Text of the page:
METABOLIC CHANGES IN 1-METHYLCYCLOPROPENE (1-MCP)-TREATED 'EMPIRE' APPLE AT DIFFERENT STORAGE TEMPERATURES
Empire apple fruit can develop a chilling injury expressed as a firm flesh browning if stored at 0.5°C, and injury can be reduced by storing fruit at 2-3°C. Treatment of fruit with 1-MCP treatment, however, can make browning incidence and severity worse, especially at warmer storage temperatures. To better understand the metabolic changes associated with flesh browning, metabolic profiling using GC-MS has been used to evaluate metabolomic changes in untreated and 1-MCP treated Empire fruit cortex stored in controlled atmosphere (CA) storage at 0.5 and 3.3°C for up to 40 weeks. Browning incidence and severity was higher in 1-MCP treated fruit than untreated fruit at both temperatures. Metabolites with elevated levels in 1-MCP treated cortex stored at both 0.5 or 3.3°C included rhamnose, sorbitol, threonate, fumaric acid and glutamate. The amino acids, leucine, valine, aspartate, threonine, isoleucine, phenylalanine and tryptophan were also elevated at both storage temperatures in 1-MCP treated fruit. Overall, the results indicate that 1-MCP has wide ranging effects on metabolic processes of treated apple fruit. However, whether these changes are related to flesh browning in a causal way remains uncertain.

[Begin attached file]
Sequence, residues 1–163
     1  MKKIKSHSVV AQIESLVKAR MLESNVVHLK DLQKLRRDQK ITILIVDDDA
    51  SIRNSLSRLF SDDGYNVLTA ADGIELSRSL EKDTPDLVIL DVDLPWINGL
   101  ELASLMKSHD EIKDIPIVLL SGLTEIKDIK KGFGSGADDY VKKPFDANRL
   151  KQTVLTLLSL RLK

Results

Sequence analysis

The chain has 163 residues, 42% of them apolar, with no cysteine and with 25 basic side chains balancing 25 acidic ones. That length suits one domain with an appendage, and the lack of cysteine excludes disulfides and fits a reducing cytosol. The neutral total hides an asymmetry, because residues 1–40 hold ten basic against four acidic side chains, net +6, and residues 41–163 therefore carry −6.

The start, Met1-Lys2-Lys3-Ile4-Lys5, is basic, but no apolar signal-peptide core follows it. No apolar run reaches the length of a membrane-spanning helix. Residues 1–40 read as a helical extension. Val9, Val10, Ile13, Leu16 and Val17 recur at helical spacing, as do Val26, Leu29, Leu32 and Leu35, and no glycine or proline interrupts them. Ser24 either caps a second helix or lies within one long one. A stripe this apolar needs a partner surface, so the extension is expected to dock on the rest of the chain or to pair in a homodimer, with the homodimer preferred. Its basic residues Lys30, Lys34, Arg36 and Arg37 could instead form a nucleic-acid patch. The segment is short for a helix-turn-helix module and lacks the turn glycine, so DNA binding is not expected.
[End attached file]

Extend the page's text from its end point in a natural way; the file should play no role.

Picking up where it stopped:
Lee, J., Rudell, D.R. and Watkins, C.B. (2014). METABOLIC CHANGES IN 1-METHYLCYCLOPROPENE (1-MCP)-TREATED 'EMPIRE' APPLE AT DIFFERENT STORAGE TEMPERATURES. Acta Hortic. 1048, 113-119
metabolomics, GC-MS, carbohydrates, organic acids, amino acids, phenolic compounds